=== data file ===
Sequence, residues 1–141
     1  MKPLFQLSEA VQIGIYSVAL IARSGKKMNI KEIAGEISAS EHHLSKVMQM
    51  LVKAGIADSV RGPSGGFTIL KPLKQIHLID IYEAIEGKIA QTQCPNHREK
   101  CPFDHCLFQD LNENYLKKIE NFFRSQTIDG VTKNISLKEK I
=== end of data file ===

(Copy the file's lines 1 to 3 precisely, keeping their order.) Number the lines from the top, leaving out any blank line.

Sequence, residues 1–141
     1  MKPLFQLSEA VQIGIYSVAL IARSGKKMNI KEIAGEISAS EHHLSKVMQM
    51  LVKAGIADSV RGPSGGFTIL KPLKQIHLID IYEAIEGKIA QTQCPNHREK